[Let's Read] Planescape Monstrous Compendium I-III

(un)reason

Making the Legend
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They made the cat lord a woman?

That's odd, because unlike the other animal lords, the cat lord was an established figure in D&D. The original appeared in the MM2, showed up fairly frequently as the patron to the eponymous character in Gygax's Gord the Rogue stories, and was even featured in at least one short story in Dragon. And all of them were roguish men. I'm surprised they went with the even more stereotypical catgirl.
That's probably precisely why they changed it. The stuff in the Gord books was one of the few things he got to keep the rights too after being kicked out of TSR. We have quite a bit of evidence that Lorraine was rather vindictive about Gary's legacy bits and wanted to remove them. On the plus side, it wasn't a retcon, they said that the previous cat lord was male, but he got killed. So they're essentially giving you freedom to give the animal lords completely different stats and personalities each time one is killed and a new one is chosen.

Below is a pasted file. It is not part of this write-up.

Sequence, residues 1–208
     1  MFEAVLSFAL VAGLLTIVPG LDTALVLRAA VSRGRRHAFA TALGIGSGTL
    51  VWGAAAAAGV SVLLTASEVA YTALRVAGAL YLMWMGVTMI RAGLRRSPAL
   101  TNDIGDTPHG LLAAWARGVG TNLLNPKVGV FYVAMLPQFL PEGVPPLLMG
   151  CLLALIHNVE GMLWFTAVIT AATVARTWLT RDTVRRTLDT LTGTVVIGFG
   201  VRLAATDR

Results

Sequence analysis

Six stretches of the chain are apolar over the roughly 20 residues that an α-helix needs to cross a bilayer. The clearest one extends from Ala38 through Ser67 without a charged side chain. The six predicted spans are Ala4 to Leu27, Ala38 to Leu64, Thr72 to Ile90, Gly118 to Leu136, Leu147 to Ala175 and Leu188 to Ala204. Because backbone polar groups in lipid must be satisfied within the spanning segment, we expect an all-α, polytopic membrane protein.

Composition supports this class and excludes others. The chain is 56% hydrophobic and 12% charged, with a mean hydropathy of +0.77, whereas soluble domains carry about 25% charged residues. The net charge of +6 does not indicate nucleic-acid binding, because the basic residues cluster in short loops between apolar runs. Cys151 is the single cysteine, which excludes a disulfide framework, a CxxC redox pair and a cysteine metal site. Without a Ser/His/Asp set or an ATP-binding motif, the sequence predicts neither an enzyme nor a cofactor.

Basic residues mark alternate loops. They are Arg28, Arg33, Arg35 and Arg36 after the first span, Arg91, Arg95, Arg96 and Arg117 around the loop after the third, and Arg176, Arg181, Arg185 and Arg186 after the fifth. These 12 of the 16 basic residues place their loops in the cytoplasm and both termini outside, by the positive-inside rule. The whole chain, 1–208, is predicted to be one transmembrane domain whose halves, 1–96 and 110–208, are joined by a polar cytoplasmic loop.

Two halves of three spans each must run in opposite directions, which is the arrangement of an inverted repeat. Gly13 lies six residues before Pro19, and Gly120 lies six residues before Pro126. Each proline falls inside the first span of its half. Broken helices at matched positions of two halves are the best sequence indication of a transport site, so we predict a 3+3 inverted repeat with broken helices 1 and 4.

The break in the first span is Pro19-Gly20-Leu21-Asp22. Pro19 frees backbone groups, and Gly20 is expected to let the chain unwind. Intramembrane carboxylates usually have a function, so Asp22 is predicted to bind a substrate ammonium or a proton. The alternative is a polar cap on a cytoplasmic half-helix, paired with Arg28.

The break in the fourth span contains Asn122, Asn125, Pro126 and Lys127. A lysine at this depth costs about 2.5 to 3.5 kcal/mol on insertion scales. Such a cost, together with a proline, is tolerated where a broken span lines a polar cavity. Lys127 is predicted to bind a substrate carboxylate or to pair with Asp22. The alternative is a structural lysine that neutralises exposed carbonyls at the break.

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Dr. Rudolf von Richten

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Hi, I'm Troy McClure, you may remember me from such movies as ...

... wait, that's not right, I ain't Troy McClure at all! Let's try that again.

Hi, I'm Dr. Rudolf von Richten, you may remember me from such books as 'Von Richten's guide to Vampires', 'Von Richten's guide to Ghosts' and, well 'Von Richten's guide to whatever horror lurks behind the crumbling facades the make up my homecountry.'

I was long thought to have met my final foe in the Bleak House, but it was not so. Instead, I've finally managed to escape my terror-filled homeland and have found this most wonderful city of 'Sigil', from where I've been traveling the multiverse and making notes on it's many and varied creatures. These I now which to share with you, for edification and delight.

Aasimon

Though my homeland was filled with supernatural evil, I've since learned to my delight that the forces of good have servants just as mighty, if not mightier! If only they could cleanse 'Ravenloft' (as I amusingly hear it called in these parts) of it's foul curse. Surely a Solar would be more than a match for whatever is at the core of the darkness there.